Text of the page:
Plant materials such as tree branches, corn stalks, bamboo, reeds, or sticks are all valid. Plant materials in a more processed state, such as two-by-fours can also be used as sechach, but should ideally be used a raw state, and not painted or otherwise finished. 

The roof should not contain any metal, plastic or glass. The sechach should not be secured with wire and should not be supported by metal poles or beams.

The sechach cannot be made from food, tools or utensils, even wooden utensils such as spoons and forks.

Attachments + Connections:

The sechach must be placed loosely and should not be tied into bundles, or tied down. 

Adding the sechach to the sukkah should be the last stage of construction. 

The Torah indicates that the sechach should be applied “actively” and not “passively.” 

For example, constructing a sukkah and allowing the roof to fill in with falling leaves would not fulfill the commandment.

The Walls

Walls must be sturdy enough to withstand a steady wind.

The sukkah should have at least two full walls and a third, partial wall, at least one 

   handbreadth in width.

If there are only 2 complete walls, and they form a corner, the third, partial wall should 

   be within 3 hand breadths of one of the complete walls.

Walls can be constructed of any material.

Walls may be composed of multiple parts or elements, if desired. Elements may be   

   spaced up to three handbreadths apart.

Walls do not need to touch the ground, but should come within three handwidths of   

   the ground. (Walls should come close enough to the ground to prevent a goat from  

   getting into the sukkah to disturb the festive meal.)



Minimum: 36 inches high (ten tefachim, or fist-widths)

Maximum: 30 feet high (twenty amot, a measure based on the length of a forearm.)


Minimum: 2 ft x 2 ft (seven-by-seven tefachim)

(According to the Talmud a sukkah must be at least large enough to accommodate the “head and most of the body of a man, and the “mini- table from which the man eats.”)

Maximim: No maximum area is specified by Jewish law. 

SukkahPDX 2014 Schedule:



INSTALLATION DATES: Sunday 10.5.14 - Tuesday 10.8.14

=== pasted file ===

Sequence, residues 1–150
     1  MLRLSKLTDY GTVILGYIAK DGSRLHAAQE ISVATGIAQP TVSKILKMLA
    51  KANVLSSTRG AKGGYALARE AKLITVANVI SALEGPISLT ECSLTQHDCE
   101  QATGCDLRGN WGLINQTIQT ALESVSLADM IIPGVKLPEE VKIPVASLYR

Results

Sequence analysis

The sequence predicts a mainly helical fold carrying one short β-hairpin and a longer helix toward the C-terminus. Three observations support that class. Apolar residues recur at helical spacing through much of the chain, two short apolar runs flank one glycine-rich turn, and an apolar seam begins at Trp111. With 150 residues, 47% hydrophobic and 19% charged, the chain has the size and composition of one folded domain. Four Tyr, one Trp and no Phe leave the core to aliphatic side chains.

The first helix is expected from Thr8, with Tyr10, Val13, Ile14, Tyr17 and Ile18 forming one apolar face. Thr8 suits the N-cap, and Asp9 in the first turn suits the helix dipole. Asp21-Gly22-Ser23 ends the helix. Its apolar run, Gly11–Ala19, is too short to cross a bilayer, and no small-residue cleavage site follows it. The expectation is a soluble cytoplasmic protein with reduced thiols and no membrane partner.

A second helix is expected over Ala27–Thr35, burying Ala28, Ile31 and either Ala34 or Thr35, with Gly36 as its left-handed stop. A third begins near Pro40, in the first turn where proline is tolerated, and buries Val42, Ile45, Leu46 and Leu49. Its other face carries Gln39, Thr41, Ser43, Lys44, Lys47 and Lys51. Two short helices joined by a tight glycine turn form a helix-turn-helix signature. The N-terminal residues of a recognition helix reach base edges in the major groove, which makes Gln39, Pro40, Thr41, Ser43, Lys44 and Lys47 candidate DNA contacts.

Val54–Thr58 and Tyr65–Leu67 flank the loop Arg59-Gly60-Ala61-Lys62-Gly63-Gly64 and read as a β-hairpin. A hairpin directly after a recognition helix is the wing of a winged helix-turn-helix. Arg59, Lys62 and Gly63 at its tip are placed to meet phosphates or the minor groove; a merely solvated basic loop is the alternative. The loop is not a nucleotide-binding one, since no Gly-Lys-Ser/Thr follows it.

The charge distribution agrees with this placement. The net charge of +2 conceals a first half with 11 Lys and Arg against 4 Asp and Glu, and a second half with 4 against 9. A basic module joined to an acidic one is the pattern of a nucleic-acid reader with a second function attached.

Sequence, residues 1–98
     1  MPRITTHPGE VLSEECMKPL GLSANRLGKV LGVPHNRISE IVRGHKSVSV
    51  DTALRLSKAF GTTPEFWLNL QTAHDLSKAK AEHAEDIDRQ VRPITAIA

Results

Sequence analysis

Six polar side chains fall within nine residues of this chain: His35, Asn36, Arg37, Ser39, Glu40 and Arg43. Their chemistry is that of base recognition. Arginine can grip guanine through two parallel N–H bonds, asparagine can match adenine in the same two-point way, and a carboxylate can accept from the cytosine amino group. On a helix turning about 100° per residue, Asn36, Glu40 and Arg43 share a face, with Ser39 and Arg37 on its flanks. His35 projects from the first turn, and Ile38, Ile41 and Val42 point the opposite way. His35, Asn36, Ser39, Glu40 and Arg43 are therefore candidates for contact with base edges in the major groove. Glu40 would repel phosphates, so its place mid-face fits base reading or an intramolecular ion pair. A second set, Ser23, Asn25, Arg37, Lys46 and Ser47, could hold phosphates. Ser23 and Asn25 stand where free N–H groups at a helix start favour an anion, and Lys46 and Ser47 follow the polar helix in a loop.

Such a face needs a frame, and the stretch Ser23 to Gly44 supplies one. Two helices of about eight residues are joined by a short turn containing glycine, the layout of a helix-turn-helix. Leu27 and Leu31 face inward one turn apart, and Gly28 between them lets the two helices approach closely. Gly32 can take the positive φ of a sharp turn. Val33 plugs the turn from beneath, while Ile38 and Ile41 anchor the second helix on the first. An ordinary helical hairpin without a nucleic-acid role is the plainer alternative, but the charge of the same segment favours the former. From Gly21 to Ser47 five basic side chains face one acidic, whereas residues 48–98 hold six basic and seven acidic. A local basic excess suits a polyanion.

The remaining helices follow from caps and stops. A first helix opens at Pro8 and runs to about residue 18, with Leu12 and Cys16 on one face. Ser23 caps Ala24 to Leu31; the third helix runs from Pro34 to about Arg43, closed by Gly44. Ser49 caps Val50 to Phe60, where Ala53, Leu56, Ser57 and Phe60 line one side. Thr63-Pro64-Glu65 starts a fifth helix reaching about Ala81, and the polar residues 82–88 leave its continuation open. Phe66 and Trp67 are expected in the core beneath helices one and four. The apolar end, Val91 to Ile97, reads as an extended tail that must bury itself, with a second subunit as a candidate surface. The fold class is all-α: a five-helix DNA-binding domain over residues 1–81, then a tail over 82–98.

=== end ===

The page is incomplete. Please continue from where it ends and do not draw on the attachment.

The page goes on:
All sukkahs must be fully installed, and all construction debris removed 

from the exhibition site by noon on Wednesday, October 8, 2014.

Artists are not required to be on site for the full installation period, but should plan enough time in Portland to complete installation of their own structure, unless alternate arrangements have been made with OJM in advance.

Materials may be delivered to the site prior to 10.5.14 only by prior arrangement.

Artists are strongly encouraged to pre-fabricate structures off-site in advance and to carefully consider ease of installation and removal as part of their proposals. 

Entrants are responsible for safe and timely sukkah installation and removal, including providing all necessary tools, supplies, labor and transportation. However, OJM is happy to help connect you with local resources and support. Please don’t hesitate to contact us to make advance arrangements.

OJM reserves the right to require the removal of structures that are incomplete at the conclusion of the scheduled installation period, which are unsafe or structurally unsound, or which differ substantially from the original project proposal.

Event Dates: 10.8.14 - 10.17.14

Exhibit open to public during regular museum hours and scheduled SukkahPDX events.

DE-INSTALLATION: 10.18.14 – 10.19.14

No materials may be left on site after this date.


The Oregon Jewish Museum and Center For Holocaust Education interprets the Oregon Jewish experiences, explores the lesson of the Holocaust and fosters intercultural conversations.


The Mittleman Jewish Community Center is dedicated to the enrichment of Jewish life by providing for the social, cultural, educational, and recreational needs of the Jewish community, and serving as the common meeting place for the entire Jewish community. The MJCC is committed to enabling Jewish continuity through promotion of Jewish values; strengthening of Jewish family life; encouraging the appreciation of Jewish culture and the application of Jewish spiritual life in daily living; developing Jewish community leadership; and also serving as a communal resource to interpret and foster the relationships between the local Jewish community, Israel and world Jewry.